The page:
ANTH 336 is designed to engage students with a selection of subjects and themes within the field of evolutionary anthropology. This subfield is concerned primarily with the biological origins of particular aspects of human behaviour and evolution. In this course, students will gain an appreciation of how evolution has shaped who we are and how some aspects of our behaviour may be adaptations to the social and ecological environments in which our ancestors lived. This course requires students to read and critically analyze both empirical papers and review articles that test hypotheses and summarize findings that form the theoretical basis of evolutionary anthropology. The reading material and required assignments in this course are intended to engage students in the story of humanity, and the hope is that you will be inspired to further explore these and other topics in your exploration of evolutionary (and, more broadly, biological) anthropology.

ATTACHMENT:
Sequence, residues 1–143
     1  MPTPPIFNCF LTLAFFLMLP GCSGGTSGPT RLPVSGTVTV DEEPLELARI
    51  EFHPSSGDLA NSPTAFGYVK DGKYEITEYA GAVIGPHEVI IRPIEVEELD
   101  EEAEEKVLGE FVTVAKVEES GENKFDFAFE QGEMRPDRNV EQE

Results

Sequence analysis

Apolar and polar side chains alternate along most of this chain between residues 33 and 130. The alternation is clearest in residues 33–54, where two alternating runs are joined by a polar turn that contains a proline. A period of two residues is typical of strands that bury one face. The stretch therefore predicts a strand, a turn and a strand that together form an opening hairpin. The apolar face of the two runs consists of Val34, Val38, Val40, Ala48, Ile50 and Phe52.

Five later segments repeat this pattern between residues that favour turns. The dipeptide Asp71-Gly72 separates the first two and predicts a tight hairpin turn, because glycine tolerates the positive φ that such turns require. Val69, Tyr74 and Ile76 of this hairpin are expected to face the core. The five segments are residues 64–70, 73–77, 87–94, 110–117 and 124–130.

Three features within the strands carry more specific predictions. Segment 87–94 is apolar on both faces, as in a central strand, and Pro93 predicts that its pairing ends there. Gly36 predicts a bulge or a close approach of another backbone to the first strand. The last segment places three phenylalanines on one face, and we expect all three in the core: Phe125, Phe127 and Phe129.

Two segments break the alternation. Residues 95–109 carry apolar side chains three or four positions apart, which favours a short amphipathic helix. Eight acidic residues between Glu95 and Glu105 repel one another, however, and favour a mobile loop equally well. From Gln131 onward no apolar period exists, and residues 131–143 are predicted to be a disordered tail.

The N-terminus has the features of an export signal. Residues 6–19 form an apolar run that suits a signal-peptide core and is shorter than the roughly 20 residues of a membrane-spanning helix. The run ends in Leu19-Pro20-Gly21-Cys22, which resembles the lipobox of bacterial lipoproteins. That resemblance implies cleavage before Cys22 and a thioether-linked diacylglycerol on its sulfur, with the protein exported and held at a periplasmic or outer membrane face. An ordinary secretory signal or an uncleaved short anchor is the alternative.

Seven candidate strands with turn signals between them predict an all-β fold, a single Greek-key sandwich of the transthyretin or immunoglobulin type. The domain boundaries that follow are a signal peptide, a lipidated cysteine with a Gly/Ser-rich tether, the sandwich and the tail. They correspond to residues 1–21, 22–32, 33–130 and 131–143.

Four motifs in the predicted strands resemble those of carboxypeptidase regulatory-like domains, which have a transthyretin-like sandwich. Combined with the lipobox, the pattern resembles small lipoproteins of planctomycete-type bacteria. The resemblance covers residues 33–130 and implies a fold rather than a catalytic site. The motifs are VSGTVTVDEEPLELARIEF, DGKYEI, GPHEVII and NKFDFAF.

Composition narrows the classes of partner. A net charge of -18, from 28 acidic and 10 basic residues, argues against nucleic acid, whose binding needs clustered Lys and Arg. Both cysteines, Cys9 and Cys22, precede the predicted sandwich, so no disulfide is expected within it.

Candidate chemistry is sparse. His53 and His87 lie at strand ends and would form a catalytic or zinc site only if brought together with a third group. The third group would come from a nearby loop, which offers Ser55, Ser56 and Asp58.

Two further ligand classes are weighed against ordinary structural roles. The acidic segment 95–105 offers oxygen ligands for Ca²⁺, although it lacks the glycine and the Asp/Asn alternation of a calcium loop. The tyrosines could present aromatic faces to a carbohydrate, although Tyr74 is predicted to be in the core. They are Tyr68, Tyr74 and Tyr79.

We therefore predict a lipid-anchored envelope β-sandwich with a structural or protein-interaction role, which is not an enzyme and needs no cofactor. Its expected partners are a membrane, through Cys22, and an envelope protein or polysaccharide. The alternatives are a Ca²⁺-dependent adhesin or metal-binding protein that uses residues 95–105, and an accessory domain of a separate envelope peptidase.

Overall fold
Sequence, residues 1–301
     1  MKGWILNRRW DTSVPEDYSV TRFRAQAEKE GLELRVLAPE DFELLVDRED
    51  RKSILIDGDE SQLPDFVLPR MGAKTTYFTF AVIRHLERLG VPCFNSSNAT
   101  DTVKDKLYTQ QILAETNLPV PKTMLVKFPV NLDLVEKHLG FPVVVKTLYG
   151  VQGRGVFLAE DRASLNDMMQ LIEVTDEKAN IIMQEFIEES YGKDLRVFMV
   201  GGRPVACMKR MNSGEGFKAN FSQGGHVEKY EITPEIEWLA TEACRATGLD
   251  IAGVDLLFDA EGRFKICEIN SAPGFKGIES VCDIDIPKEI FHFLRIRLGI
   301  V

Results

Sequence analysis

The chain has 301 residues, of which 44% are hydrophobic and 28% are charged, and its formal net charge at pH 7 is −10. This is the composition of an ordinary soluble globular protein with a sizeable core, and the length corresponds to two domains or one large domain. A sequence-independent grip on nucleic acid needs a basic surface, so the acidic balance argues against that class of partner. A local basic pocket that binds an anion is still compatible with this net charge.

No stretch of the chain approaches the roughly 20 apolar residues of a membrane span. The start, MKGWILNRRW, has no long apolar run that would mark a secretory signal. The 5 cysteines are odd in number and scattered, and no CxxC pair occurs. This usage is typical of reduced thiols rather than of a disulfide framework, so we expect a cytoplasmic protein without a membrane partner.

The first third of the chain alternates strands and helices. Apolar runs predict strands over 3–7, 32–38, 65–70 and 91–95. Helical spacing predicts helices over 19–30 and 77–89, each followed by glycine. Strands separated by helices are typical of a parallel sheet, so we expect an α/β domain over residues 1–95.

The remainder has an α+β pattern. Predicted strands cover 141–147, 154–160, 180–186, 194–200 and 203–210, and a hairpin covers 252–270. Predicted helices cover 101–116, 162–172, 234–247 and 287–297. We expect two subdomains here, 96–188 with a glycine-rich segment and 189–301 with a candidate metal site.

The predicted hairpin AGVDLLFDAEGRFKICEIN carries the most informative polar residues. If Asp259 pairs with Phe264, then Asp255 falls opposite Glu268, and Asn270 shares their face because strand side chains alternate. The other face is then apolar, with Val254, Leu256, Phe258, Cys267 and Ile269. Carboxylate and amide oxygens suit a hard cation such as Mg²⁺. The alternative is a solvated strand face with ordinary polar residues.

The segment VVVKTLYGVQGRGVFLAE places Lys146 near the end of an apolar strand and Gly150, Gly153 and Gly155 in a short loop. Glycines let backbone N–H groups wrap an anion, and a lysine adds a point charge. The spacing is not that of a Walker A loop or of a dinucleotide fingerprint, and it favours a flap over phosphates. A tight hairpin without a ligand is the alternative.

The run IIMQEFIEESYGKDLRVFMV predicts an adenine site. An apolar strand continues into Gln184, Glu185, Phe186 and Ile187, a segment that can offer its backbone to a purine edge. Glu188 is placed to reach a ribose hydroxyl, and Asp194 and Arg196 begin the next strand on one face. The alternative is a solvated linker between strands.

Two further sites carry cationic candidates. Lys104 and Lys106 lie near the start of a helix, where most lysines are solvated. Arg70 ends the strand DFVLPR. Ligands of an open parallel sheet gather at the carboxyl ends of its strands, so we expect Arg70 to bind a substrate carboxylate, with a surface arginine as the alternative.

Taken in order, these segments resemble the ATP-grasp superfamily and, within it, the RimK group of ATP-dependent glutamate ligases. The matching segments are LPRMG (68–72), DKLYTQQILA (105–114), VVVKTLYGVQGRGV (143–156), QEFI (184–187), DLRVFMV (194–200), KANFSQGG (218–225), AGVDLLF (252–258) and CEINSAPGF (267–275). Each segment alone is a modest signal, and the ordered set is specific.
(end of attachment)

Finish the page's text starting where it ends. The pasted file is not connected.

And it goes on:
Buss, David M. “Evolutionary Psychology: A New Paradigm for Psychological Science.” Psychological Inquiry 6, no. 1 (1995): 1–30.
Read only pp. 1–16 (up to “Implications for the Key Branches of Psychology”)